by: Jacqueline Fell Updated:
WASHINGTON D.C. - Money for fixing potholes, roadways, and bridges is running low. The nation’s largest business and labor lobbying groups are headed to Capitol Hill, renewing their push to raise the federal gas tax.
Lobbyists say the United States needs a predictable, stable and growing source of income.
Federal gas taxes were last raised in 1993. Business and labor leaders want Congress to phase in a 15 cent per gallon increase over the next three years.
This winter has taken a toll on most roads across America.
Thomas Stanley would pay more, and he is used to it. Stanley recently moved from Toronto where gas is nearly $5 a gallon.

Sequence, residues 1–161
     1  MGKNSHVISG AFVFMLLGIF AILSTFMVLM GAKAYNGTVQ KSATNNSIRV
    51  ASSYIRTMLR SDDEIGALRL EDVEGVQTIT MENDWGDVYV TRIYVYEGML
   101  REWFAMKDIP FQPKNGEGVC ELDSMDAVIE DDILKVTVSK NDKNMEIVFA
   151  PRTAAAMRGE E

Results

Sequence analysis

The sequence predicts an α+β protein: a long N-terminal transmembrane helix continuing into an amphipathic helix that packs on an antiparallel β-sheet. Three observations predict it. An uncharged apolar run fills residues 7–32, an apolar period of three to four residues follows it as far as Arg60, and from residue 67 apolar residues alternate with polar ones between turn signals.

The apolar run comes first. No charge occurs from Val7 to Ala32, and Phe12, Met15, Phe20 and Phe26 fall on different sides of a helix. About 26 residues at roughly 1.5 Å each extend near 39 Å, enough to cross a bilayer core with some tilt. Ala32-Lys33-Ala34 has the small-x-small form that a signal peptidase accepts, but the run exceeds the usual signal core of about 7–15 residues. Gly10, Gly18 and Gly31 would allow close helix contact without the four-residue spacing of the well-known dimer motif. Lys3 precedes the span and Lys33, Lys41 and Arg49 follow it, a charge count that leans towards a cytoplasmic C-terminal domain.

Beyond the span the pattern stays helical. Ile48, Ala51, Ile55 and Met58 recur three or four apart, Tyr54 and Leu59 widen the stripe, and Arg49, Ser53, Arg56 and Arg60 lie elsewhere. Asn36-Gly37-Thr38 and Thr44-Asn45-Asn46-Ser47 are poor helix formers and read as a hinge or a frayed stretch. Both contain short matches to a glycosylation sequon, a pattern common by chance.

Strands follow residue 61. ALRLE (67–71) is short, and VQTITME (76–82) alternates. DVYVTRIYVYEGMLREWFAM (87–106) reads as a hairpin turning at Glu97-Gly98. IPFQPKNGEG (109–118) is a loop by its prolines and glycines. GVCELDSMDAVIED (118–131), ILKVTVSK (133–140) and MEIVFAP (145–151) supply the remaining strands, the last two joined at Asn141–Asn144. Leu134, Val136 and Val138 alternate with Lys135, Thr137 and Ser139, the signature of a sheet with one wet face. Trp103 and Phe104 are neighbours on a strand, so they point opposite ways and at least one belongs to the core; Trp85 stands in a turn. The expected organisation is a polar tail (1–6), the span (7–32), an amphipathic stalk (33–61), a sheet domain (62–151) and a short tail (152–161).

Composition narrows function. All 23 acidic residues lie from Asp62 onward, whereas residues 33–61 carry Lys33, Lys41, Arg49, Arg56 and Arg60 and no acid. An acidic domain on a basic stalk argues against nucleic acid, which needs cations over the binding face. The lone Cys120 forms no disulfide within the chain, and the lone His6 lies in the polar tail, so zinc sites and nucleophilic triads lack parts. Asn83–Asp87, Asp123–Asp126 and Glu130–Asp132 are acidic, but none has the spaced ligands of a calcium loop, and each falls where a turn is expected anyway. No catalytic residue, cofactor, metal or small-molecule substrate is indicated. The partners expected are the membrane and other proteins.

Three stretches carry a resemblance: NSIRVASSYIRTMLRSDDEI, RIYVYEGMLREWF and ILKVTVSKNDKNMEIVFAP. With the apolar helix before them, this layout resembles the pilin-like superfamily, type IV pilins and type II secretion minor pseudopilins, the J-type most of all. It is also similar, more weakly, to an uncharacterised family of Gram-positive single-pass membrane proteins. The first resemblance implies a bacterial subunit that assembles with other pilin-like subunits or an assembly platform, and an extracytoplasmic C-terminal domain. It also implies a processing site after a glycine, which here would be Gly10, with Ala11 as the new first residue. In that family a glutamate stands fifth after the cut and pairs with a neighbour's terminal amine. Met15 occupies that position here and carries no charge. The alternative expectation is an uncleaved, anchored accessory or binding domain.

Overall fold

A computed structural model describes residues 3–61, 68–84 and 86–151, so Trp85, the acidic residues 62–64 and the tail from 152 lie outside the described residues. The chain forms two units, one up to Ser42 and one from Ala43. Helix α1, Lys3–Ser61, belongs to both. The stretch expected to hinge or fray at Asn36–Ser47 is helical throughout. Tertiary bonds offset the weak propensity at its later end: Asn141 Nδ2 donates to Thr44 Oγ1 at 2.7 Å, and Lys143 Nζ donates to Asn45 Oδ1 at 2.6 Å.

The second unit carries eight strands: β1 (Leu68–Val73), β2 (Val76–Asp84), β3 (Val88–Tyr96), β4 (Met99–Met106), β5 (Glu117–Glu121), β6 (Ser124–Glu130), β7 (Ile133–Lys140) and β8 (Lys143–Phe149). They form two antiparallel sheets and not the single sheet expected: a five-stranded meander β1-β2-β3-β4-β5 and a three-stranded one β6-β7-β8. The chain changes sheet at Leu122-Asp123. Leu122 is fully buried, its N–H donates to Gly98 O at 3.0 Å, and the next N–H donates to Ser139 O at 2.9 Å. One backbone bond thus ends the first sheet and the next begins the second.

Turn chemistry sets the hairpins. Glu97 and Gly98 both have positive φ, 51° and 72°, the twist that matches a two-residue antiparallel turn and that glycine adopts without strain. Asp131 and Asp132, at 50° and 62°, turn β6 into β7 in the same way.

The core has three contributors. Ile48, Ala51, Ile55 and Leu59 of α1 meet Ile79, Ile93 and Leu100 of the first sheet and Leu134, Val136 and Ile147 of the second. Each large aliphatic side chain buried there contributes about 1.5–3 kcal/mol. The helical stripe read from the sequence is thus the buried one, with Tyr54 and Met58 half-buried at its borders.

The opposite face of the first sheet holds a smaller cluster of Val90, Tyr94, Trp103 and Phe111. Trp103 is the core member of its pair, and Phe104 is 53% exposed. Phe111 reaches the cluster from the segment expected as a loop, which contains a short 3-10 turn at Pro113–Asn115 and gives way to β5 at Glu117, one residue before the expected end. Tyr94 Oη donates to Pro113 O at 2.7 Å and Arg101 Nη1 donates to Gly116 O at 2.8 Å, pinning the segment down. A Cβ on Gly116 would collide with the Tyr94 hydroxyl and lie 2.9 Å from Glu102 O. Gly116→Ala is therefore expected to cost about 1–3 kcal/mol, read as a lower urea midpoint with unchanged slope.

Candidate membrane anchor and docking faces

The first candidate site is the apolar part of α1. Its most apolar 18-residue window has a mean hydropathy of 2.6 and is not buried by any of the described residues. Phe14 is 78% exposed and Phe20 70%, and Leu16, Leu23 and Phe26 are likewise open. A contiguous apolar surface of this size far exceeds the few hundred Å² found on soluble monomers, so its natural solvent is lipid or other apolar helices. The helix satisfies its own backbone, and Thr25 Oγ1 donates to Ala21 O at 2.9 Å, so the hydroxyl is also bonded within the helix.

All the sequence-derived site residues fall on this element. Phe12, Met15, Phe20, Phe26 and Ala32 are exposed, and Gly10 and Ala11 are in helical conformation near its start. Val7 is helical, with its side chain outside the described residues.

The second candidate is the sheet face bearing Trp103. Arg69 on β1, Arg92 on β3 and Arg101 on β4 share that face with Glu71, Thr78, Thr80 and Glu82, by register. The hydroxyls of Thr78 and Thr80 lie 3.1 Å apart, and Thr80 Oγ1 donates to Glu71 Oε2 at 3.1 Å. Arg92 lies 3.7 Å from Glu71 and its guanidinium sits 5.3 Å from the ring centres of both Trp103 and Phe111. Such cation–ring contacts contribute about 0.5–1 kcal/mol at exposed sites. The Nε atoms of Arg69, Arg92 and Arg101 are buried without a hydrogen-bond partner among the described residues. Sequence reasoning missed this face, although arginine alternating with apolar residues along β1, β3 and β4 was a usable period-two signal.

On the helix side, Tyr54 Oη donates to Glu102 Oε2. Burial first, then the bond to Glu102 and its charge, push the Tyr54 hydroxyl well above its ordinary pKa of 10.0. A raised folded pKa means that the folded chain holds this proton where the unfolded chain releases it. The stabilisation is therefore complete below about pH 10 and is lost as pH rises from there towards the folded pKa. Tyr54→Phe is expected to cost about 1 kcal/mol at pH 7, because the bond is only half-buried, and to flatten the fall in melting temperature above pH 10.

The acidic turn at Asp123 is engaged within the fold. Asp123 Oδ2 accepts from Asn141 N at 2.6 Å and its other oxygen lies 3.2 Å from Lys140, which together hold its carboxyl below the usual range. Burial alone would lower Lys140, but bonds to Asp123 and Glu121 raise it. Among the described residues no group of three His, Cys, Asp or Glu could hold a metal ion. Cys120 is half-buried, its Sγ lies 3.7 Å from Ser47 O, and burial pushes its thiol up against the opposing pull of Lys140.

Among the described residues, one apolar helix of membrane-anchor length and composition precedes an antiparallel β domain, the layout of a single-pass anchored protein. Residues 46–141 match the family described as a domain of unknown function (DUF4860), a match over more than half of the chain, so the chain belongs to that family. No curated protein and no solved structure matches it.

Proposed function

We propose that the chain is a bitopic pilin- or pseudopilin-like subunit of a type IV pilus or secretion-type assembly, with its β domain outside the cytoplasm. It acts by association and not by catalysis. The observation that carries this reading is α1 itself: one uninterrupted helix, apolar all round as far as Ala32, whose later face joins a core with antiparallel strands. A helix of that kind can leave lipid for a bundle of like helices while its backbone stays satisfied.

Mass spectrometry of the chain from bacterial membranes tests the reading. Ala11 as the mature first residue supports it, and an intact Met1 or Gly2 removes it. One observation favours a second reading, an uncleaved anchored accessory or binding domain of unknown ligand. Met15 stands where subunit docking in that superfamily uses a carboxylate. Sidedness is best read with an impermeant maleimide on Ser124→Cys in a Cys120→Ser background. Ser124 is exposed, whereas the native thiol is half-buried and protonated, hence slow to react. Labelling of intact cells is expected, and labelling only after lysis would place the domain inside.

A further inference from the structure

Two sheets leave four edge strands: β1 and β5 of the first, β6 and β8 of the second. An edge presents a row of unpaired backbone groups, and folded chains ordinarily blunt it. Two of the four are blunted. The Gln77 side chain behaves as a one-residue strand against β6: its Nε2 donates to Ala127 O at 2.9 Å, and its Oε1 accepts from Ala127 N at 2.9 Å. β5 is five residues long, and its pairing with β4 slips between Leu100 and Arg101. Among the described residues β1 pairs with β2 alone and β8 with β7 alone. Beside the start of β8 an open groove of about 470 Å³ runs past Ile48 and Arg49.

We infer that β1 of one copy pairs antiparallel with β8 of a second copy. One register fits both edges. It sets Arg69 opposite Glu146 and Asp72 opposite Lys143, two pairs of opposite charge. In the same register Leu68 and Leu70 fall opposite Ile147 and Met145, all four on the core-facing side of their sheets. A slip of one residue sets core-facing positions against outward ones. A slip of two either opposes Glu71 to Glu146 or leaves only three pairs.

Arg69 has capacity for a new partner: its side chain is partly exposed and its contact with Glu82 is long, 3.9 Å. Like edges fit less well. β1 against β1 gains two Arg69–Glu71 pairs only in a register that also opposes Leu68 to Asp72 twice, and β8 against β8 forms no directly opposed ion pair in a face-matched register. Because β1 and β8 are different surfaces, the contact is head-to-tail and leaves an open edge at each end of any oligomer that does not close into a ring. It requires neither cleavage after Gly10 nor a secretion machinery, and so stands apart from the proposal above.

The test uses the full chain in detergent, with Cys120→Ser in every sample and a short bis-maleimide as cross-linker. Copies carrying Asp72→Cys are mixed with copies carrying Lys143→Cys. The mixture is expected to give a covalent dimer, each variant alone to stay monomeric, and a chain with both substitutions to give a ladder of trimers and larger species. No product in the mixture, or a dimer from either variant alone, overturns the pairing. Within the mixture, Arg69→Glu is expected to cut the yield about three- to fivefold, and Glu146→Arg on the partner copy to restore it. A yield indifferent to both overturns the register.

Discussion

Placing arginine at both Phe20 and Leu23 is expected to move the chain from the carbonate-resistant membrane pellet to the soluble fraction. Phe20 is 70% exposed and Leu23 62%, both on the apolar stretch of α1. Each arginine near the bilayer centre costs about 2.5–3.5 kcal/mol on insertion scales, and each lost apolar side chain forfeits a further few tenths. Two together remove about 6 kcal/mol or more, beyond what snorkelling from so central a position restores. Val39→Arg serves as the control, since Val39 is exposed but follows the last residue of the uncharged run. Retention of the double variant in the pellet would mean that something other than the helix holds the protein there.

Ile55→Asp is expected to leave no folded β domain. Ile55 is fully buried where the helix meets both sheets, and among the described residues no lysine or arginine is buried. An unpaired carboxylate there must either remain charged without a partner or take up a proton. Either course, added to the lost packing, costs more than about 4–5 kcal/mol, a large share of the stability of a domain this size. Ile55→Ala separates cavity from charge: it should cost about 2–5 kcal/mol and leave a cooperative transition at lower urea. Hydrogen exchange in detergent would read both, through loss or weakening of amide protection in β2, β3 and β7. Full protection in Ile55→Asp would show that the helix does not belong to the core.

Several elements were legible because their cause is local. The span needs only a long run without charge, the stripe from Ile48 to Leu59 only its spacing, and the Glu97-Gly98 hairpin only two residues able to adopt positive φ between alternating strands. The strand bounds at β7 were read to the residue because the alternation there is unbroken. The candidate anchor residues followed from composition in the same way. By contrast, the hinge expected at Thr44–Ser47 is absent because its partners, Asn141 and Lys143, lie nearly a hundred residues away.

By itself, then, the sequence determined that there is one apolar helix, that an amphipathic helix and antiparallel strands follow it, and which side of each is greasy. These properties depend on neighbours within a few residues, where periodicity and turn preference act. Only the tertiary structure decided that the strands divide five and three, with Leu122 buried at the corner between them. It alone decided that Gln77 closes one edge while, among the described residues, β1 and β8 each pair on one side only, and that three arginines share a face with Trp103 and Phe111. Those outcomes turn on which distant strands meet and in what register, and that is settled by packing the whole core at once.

“They have a graph right on the pump that shows it’s all due to taxation so you understand what you’re paying for,” said Stanley.
Other drivers are not happy with the idea of paying more for gas.
It is not an easy sell to Congress, and other proposals to generate money are being introduced.
Business and labor leaders say lawmakers need to do what is right, and not what is politically convenient.
A 2012 survey by San Jose State University found 58 percent of Americans would support a gas tax increase if that money would be used to build and maintain roads and mass transit.